2009-08-22 05:26:04.000 – Mike Carmon, Staff Meteorologist
Yesterday was one of those days on the summit when I was reminded why I am in this profession in the first place.
I was downstairs just waking up around 2:30 PM EST when Steve came down and told me that the radar was looking rather interesting. I hustled up into the weather room, still half asleep, to find everyone staring at either the computer screen or out the windows. Glancing at the radar, I quickly finished the waking-up process and became quite excited. The screen before me was littered with approaching lightning strikes and heavy bouts of rain.
For the next two hours, all observers, interns, and even our volunteer remained glued to the spectacle playing out on the summit. The thunder was first, followed by rain, followed by lightning. The winds quickly picked up, gusting to just shy of 60 mph, driving the rain that was already falling at a heavy rate. The summit picked up 2.35″ of rain in the 6 hour period from 12:30 PM EST to 6:30 PM EST, with almost 2″ of that falling in the hour from 3-4 PM! It is by far the most liquid equivalent precipitation (including all of those snowy winter days) I have ever seen in a 6 hour period in my time here (about one year). Lightning was striking dangerously close to the summit (although, incredibly, no direct hits were taken) and thunder seemed nearly constant at times (when the howl of the wind did not mask it).
And in the midst of all of this, we kept an eye open to the weather going on in the valley. Here are some of the highlights of the day (there are many more storm reports than these):
Overnight: Storm Prediction Center placed most of NH and eastern ME in a slight risk for severe thunderstorms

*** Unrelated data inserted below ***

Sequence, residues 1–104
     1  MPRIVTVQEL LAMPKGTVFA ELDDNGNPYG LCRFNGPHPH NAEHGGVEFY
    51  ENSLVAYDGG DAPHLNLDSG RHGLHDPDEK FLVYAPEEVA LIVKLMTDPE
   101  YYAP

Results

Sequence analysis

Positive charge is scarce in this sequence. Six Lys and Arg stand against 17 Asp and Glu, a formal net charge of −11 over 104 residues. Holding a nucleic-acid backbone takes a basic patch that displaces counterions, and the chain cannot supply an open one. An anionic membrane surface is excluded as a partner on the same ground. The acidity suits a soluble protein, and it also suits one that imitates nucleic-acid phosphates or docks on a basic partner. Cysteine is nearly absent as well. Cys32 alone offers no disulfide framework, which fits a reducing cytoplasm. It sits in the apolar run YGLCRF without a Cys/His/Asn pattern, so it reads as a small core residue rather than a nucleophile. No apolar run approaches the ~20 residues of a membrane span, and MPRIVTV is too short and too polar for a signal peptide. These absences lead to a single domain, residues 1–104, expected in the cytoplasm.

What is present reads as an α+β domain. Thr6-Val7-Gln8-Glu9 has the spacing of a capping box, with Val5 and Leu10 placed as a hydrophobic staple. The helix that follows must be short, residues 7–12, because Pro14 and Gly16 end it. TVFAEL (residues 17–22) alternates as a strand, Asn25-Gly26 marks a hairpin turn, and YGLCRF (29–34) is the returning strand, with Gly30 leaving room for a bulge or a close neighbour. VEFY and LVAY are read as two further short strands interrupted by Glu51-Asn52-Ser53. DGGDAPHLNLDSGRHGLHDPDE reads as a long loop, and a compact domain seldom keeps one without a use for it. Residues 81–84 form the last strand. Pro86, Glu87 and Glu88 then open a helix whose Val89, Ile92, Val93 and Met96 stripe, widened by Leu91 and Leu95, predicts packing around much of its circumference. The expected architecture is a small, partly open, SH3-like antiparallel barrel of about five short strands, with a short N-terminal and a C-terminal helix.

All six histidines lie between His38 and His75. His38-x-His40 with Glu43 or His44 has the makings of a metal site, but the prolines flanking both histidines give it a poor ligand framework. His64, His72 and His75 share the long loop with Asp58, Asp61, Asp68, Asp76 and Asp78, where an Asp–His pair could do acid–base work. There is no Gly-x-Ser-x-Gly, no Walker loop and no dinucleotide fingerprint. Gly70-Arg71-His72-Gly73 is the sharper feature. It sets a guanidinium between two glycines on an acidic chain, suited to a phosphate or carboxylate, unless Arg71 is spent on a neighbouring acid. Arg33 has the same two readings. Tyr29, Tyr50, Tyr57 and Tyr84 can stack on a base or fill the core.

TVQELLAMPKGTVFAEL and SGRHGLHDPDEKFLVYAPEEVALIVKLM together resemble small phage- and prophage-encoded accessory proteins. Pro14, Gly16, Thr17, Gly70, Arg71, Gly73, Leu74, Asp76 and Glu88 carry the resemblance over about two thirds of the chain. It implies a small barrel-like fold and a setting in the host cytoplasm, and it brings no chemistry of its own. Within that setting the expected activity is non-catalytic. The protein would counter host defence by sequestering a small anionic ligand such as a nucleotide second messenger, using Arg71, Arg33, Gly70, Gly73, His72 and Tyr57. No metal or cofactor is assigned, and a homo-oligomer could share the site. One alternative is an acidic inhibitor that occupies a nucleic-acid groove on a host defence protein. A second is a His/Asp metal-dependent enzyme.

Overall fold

10:50 AM: NWS issues a Severe Thunderstorm Watch for most of NH
2:16 PM: Hanover, NH: Downed trees reported
2:55 PM: Littleton, NH: Downed trees reported
4:11 PM: 2 miles S Chatham, NH: Downed trees reported
4:11 PM: NWS issues a Tornado Warning for southern Oxford County, ME
4:20 PM: NWS issues a Tornado Watch for southeastern NH and eastern ME
4:25 PM: 2 miles NW Norway, ME: Funnel cloud spotted
4:30 PM: Fryeburg, ME: Lightning strikes transformer, causing a fire
4:34 PM: 5 miles NNW Ossipee, NH: Downed power lines reported
4:39 PM: Sweden, ME: Golf Ball Size Hall reported
4:45 PM: Paris, ME: Downed power lines reported
5:23 PM: 1 mile E of Naples, ME: Hail reported
5:23 PM: 1 mile ENE of Brownfield, ME: .92″ of rain reported in previous 15 minutes
5:40 PM: NWS issues a Severe Thunderstorm Watch for central and northern ME
5:40 PM: Poland, ME: 58 mph wind gust reported
It was quite a busy day on the summit AND in the valley. For us weather nerds, it was a spectacular sight to see! But even the non-weather nerds on the summit seemed glued to this spectacle!
Mike Carmon, Staff Meteorologist